This article by Lauren Stine was published on 27th February by Sacred Cow.
Many people view livestock production as providing one simple output: meat. But when you add up the many products that source ingredients from cattle alone including tallow for beauty products, cartilage for osteoarthritis medications, and gelatin for foods as a few examples, it paints a much different picture of a cow’s contribution to our society.
Perhaps one of the most understated contributions that cattle make to our society is leather, which has been used to make everything from automotive interiors to clothing to furniture. Humans have been relying on animal hides for centuries with Egyptians documenting leather use as early as 1300 B.C.
But unfortunately, a rise in synthetic substitutes marketing themselves as animal-free, cruelty-free, vegan leather has given consumers a negative perception of leather.
“Around 2014, a lot of footwear designers saw the price of raw material for leather becoming expensive and they said can we take the leather out of finished goods without changing consumers’ perception of luxury?,” Stephen Sothmann, president of the US Leather & Hide Council of America, told Sacred Cow. “they did a fantastic job of fooling consumers into thinking synthetics are the same as leather and in doing so leather is now experiencing the worst market it’s ever faced.”
What Sothmann and many leather producers would like consumers to understand, however, is that the synthetic swaps pack a seriously harmful punch when it comes to sustainability.
In most cases, synthetic leather is made from two plastic-based substances polyurethane (PU) and polyvinylchloride (PVC). The process involves bonding a plastic coating to a fabric backing to create the look and feel of genuine leather. PVC has been identified by numerous organizations as one of the most environmentally damaging types of plastic. Many vegan leather makers also rely on plasticisers like phthalates to make the material flexible.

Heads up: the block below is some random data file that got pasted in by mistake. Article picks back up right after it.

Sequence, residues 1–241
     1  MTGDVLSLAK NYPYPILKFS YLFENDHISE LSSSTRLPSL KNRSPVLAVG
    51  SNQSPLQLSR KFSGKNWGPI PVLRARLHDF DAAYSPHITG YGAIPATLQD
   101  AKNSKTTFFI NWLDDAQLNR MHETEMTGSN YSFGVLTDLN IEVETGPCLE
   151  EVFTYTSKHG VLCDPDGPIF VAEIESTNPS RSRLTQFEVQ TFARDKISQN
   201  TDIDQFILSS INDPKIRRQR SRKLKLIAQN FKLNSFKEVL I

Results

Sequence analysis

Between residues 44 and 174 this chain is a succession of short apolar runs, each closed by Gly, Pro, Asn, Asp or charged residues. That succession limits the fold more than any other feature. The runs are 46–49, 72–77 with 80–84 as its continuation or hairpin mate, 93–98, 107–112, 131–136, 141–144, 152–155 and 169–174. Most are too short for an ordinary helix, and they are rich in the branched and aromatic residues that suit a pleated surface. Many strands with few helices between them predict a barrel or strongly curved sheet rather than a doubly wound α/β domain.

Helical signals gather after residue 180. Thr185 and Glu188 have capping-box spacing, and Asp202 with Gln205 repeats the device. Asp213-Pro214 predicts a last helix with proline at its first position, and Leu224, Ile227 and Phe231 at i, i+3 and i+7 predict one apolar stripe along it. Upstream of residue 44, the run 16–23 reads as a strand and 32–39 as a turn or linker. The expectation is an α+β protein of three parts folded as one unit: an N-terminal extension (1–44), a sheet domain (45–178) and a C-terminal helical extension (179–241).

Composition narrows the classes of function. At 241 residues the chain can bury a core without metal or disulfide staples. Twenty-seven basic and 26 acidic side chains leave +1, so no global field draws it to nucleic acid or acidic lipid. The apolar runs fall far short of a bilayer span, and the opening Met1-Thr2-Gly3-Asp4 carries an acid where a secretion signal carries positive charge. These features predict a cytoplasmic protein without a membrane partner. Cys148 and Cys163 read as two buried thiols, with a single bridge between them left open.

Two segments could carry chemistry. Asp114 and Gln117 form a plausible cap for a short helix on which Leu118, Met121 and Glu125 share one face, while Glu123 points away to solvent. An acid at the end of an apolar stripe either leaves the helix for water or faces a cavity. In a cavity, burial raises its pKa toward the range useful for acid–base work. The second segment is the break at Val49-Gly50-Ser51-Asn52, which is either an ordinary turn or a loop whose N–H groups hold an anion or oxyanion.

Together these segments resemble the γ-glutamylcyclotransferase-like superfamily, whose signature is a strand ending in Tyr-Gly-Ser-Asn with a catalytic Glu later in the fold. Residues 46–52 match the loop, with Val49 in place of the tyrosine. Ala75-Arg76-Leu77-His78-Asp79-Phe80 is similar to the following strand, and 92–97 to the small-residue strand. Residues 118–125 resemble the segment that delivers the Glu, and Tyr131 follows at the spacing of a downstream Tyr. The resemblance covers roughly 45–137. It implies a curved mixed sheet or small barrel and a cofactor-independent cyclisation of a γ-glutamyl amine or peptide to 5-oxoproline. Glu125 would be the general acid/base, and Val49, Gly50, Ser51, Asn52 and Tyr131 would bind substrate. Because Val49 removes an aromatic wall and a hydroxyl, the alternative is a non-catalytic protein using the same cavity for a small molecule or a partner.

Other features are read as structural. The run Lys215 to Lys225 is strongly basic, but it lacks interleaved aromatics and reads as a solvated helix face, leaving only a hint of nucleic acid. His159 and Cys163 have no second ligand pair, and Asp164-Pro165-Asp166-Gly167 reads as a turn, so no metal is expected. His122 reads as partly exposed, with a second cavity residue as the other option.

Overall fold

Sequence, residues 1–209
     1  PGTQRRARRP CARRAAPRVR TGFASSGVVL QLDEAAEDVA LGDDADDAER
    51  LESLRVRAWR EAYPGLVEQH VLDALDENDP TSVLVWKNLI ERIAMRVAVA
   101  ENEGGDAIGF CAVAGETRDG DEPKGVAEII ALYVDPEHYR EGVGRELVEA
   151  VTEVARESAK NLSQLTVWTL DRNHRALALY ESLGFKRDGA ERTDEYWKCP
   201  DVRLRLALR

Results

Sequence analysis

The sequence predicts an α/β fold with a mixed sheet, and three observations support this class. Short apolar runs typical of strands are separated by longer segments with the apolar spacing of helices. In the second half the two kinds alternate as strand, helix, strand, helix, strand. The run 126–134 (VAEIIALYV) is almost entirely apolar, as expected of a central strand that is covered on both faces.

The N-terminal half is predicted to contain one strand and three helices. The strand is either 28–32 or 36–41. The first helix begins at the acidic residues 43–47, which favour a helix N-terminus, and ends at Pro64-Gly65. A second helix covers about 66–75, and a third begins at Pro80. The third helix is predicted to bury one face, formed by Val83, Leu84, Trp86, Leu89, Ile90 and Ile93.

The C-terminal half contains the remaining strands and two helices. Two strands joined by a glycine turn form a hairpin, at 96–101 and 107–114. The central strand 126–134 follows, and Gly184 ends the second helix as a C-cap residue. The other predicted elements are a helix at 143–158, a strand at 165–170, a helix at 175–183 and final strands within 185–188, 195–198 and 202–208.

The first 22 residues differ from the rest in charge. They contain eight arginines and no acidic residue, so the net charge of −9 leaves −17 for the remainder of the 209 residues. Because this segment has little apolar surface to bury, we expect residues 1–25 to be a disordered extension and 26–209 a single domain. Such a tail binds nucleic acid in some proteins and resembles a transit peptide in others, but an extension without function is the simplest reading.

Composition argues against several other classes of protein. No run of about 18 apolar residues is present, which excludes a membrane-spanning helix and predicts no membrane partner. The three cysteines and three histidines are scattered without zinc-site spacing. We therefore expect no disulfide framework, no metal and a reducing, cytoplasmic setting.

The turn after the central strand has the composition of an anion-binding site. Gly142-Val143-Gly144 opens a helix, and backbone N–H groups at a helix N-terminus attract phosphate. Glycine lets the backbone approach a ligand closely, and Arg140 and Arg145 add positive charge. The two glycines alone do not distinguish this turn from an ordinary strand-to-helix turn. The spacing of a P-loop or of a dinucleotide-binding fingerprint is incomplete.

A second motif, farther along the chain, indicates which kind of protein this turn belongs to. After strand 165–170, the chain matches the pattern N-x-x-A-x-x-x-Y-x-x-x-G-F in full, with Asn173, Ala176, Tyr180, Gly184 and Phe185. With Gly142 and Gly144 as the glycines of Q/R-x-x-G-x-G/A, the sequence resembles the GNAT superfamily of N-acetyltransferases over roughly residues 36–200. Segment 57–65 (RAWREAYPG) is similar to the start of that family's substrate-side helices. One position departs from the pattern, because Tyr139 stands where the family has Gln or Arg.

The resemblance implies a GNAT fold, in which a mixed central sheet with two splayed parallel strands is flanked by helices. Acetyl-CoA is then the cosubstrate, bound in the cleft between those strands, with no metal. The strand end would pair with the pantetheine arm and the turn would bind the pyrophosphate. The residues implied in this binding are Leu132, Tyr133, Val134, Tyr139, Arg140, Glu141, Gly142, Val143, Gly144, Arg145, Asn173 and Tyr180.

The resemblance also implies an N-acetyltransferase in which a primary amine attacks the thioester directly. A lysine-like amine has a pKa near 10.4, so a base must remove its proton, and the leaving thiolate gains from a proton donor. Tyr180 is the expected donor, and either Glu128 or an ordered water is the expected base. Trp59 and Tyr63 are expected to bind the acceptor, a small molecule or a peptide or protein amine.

“We are seeing massive environmental consequences with using plastic in disposable consumer items. When they break down in a landfill, they stick around for thousands of years and can enter waterways. Synthetics have not been good in terms of their environmental impact.”
And while some companies are trying to make leather substitutes out of materials like mushrooms or pineapples, they are barely putting a dent in meeting the global demand for leather, he adds. Considering that cattle hides end up being tossed in landfills if not upcycled into leather goods, the choice to search for synthetic plastic-based substitutes seems particularly wasteful.
Next to synthetic leather’s reliance on harmful plastics, Sothmann grows tired of the common sentiment from vegan leather manufacturers that animals are harvested for their hides. In reality, the hide comprises only 2% of the animal’s economic value. Leather is just one of the many upcycled products that result from cattle production. Without consumers understanding that vegan leathers pose serious environmental consequences, however, the upcycling opportunity is lost.
Another common yet misguided criticism is that the tanning process involves using harmful chemicals that have environmental consequences. Tanneries can be harmful to the environment if not run properly, according to Chad Roberston with Harland M. Braun & Co., which processes and sells cattle hides, but the industry has crafted protocols to address its broader particularly with wastewater. Over 75% of the leather produced today is tanned with chromium, a metal naturally present in minerals using a process that was developed over a century ago.